Gauteng Business News

Send  Share  RSS  Twitter  03 Feb 2010

BUSINESS: BI is a Welcome Twist in the Tale


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Barbi Goldblatt, Managing Director, EOH Western Cape, says many business leaders predict that the successor of the information age will be the storytelling age. But to tell meaningful stories, managers need real-time, meaningful information and this is why Business Intelligence (BI) has become a true competitive advantage.

She says that, in the current economic environment, the lack of real-time access to meaningful information on which to base critical decisions will continue to be one of the top priorities for businesses in South Africa through 2010.

The only way that businesses can stay competitive is through “new” thinking and preparation, says Goldblatt, storytelling is part and parcel of this agile thinking for the future.

BI tools have changed the storytelling landscape as we know it. It allows organisations to better understand, analyse, and even predict what’s occurring in the overall environment and in their company.

They are able to turn data into useful and meaningful information and then distribute this information to those that need it, when they need it, wherever they need it – so that they can make timeous and better informed decisions. It allows organisations to combine data from a wide variety of sources and see an integrated, up-to-date, 360 degree view.

“If a company can improve the overall quality of its decision-making processes, it can improve its overall effectiveness and efficiency. This is especially important for medium-sized companies, which, while without vast resources, are typically able to more quickly implement business decisions. BI provides a win-win solution for IT and business users by allowing the IT department/external consultants to be more productive in working with its business users to service special requests – while permitting those business users to become more self sufficient. Operations and analysis are two sides of the business, and BI allows IT to be a valued partner in both.”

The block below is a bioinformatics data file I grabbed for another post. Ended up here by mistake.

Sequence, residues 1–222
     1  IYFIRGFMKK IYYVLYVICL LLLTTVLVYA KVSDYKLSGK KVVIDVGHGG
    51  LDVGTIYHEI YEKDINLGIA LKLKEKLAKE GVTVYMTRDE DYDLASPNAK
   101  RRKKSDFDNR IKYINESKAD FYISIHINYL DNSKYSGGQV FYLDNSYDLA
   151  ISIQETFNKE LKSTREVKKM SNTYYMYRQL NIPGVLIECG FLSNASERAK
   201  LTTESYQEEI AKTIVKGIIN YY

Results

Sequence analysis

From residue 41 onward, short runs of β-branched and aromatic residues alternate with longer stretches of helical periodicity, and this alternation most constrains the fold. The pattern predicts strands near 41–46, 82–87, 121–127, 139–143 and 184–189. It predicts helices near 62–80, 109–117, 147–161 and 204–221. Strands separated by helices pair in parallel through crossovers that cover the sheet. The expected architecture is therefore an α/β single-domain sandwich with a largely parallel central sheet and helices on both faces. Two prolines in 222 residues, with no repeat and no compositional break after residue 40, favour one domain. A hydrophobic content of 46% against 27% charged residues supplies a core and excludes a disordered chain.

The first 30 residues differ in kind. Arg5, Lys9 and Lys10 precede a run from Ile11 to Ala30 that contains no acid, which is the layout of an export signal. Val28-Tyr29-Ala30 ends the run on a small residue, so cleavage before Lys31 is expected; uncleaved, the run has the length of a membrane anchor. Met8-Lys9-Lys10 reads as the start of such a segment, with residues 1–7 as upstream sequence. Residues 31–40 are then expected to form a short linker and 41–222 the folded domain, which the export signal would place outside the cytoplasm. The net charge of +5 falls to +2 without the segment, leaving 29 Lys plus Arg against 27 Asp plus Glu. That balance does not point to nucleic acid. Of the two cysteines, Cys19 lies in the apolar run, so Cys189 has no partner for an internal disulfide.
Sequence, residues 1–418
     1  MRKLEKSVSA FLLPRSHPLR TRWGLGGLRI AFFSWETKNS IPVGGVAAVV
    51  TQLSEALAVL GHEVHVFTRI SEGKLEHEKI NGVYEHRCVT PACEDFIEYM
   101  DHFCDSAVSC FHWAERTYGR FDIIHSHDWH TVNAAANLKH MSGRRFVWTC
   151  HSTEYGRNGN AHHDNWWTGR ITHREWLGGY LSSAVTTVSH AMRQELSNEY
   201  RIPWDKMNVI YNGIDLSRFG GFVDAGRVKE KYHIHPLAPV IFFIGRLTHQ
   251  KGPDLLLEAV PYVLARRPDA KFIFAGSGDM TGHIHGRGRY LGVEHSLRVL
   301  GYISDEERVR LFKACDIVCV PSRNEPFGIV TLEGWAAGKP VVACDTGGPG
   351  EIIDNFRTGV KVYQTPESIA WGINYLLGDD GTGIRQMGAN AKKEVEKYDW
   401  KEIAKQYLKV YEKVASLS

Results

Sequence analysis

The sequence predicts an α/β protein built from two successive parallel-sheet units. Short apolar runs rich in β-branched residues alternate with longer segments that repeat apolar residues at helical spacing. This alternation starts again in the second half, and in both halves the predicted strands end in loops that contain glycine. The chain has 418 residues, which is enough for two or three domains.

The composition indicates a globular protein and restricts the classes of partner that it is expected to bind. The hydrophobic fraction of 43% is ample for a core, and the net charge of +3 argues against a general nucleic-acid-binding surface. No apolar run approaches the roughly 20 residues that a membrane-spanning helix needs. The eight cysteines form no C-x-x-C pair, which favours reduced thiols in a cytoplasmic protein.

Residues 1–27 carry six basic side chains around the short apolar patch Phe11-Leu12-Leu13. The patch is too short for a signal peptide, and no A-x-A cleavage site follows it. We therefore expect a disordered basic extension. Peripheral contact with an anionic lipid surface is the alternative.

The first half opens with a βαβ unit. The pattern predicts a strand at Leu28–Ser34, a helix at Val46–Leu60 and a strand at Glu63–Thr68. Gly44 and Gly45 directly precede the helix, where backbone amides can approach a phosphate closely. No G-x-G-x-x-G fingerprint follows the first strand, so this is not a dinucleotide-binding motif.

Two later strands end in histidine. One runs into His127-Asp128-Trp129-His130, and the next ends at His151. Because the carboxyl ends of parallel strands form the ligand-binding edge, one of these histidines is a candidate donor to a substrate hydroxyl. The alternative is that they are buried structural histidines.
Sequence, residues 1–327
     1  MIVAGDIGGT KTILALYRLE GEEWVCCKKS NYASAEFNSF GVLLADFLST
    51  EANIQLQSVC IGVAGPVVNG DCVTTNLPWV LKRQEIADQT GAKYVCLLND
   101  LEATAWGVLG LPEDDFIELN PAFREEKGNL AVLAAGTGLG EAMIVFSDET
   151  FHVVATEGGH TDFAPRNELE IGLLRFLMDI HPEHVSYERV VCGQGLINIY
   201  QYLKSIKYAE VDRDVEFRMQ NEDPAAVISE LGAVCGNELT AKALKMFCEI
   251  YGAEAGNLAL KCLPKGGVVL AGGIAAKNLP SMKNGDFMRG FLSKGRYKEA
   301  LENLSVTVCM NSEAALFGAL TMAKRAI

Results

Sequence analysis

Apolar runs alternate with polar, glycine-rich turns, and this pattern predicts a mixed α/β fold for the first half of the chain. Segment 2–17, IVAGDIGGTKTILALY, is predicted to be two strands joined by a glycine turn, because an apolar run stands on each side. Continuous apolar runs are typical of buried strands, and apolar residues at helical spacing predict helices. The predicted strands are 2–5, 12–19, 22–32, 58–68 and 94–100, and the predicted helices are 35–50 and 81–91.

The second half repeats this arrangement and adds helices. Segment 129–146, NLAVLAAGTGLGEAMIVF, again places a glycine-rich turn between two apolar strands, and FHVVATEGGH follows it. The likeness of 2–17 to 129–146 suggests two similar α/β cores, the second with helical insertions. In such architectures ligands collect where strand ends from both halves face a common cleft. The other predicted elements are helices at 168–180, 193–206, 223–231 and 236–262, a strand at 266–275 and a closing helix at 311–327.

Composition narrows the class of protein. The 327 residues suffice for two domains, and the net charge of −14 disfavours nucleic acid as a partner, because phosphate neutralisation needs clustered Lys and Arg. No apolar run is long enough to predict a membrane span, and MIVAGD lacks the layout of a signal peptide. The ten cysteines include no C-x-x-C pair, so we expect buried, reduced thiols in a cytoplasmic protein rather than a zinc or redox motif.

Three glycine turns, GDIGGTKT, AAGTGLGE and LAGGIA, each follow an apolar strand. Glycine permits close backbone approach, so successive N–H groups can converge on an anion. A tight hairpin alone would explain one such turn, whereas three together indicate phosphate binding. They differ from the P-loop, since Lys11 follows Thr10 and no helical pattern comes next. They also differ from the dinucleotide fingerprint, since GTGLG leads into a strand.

Goldblatt adds that using BI does not mean eliminating spreadsheets. Rather, BI can initially be deployed by removing the “undisciplined spreadsheet environment” to create a “disciplined spreadsheet environment”, and then expanded from there. The ultimate goal should be to make users self-sufficient in being able to obtain real time, meaningful information.

Parameter-driven reports with user-selected filtering criteria can help users perform their own customised analysis. As users gain experience, they can generate their own reports and contribute to a corporate report library, but it’s up to each company to determine the approach that works best for them.

“In general, as an organisation discovers the benefits of BI, usage is likely to spread quickly. A good place to start would be to ask each department head to list the five key things they would like to have at the touch of a button, and then take it from there,” Goldblatt says.

She concludes that to stay one step ahead of the competition today, companies need to have strategic facts at their fingertips. BI tools will continue to play an important role in encouraging enterprise maturity; creating and formulating strategies and frameworks that can be leveraged across the entire organisation. The ability of BI platforms to transform day-to-day operations, making them far more efficient and effective, will remain a key driver in bottom-line growth and the rise of meaningful storytelling as mission critical.


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